be used for expenditures related electronic traffic citation equipment acquisition, maintenance, or training. Councilman Young questioned which traffic fees would be subject to the new fee. City Manager Sorah responded that all moving violations found guilty would be subject. Councilwoman Feierabend moved to approve the ordinance on first reading, and Councilman Young seconded the motion. The ordinance was approved by unanimous Council vote.http://www.bristoltn.org/AgendaCenter/ViewFile/ArchivedMinutes/11042014-140Resolution 15-14 – A Resolution Requesting the General Assembly of the State of Tennessee to Enact Legislation Authorizing the City of Bristol to Levy and Impose A Restaurant Privilege Tax (Actually April 7th, 2015 not April 4th as the flyer states)
City Manager Sorah reviewed this Resolution. An element of the 2015 Tri-Cities Legislative policy was a request for legislation enabling municipalities to impose a restaurant tax. Recently, similar legislation was made available to Gatlinburg and Sevierville to provide funding in support of their tourism infrastructure. Representative Lundberg has sponsored the attached legislation that, if passed by the General Assembly, will provide the City of Bristol the authority to impose a not-to-exceed2o/o privilege tax on meals served by restaurants, cafes, cafeterias, caterers and similar establishments. Under the proposed legislation, the vote to impose the restaurant tax would require a two-thirds vote of Council. If approved, 75% of the proceeds collected from the privilege tax would be used for tourism promotion or tourism infrastructure, including municipally owned venues such stadiums, event centers, park facilities, etc. The passage of this Resolution does not authorize the restaurant tax. The Resolution only serves to indicate City Council’s support for legislation authorizing the City to impose a restaurant tax at some point in the future. Support for this proposed legislation is important during this legislative session.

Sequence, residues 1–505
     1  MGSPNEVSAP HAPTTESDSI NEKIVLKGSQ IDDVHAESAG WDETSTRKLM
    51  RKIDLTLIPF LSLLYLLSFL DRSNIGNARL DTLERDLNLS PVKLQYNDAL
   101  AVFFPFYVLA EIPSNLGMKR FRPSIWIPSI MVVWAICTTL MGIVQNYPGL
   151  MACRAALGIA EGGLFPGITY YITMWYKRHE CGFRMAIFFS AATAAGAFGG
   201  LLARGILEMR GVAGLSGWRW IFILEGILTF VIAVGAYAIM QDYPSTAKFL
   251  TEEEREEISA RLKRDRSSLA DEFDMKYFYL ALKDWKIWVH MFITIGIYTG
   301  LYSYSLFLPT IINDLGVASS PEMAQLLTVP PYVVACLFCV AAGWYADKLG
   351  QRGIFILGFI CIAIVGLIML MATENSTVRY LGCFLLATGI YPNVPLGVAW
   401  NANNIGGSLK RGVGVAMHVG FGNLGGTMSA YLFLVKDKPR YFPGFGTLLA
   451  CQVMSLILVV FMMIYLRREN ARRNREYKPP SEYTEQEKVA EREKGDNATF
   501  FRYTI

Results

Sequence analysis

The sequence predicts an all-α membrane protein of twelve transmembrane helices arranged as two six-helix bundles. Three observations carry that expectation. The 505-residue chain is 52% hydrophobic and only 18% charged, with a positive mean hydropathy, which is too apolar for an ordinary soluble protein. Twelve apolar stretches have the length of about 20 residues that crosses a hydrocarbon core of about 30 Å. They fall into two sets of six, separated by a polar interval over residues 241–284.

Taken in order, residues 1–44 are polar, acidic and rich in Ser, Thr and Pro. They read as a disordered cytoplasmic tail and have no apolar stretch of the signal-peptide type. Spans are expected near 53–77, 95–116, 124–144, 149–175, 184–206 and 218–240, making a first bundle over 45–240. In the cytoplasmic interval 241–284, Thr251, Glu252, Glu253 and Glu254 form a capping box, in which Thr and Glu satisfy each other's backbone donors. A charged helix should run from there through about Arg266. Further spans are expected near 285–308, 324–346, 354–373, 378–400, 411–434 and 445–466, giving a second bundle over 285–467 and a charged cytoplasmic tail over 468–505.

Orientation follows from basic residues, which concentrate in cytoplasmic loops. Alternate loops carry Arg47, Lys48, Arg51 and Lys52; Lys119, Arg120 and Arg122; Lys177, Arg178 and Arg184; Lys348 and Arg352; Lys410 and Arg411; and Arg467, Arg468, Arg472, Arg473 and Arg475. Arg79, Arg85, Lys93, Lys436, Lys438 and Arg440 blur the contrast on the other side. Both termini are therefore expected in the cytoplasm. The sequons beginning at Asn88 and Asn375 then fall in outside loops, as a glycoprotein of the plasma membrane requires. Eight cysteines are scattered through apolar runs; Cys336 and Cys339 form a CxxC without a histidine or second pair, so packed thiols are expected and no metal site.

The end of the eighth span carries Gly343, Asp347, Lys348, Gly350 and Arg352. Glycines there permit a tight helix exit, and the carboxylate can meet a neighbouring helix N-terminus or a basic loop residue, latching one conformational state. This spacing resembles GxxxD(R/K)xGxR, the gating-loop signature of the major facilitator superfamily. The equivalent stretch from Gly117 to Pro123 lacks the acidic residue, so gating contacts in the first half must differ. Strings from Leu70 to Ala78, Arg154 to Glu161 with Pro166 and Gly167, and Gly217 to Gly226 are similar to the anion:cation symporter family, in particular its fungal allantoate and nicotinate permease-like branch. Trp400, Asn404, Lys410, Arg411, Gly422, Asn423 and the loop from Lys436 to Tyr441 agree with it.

As Council is aware, efforts are underway to assess the feasibility of a hotel/convention center and a new baseball stadium. In addition, a study assessing the need for a community aquatic facility will be underway next fiscal year. If any of these projects are deemed feasible, a restaurant tax could be a potential funding source. Councilwoman Feierabend moved to approve the Resolution, and Vice Mayor Keen seconded the motion. Vice Mayor Keen discussed that 25% of the funds could be used to fund construction of the new middle school. He stated that any way to fund the new middle school must be considered. School facilities enhance economic development and need to be part of providing a work ready community. In order to not raise property taxes to fund the project, this tax could be used as a funding source partially from outside City residents. Councilman Young stated that he would not support the Resolution because this could be seen as a hindrance to economic development and an additional tax. He does not want to impact growth. Councilwoman Dolan is against any new taxes. This legislation is just for Bristol and not for state-wide use. The impact will be felt by citizens every day. She expressed concerns over the language of the legislation.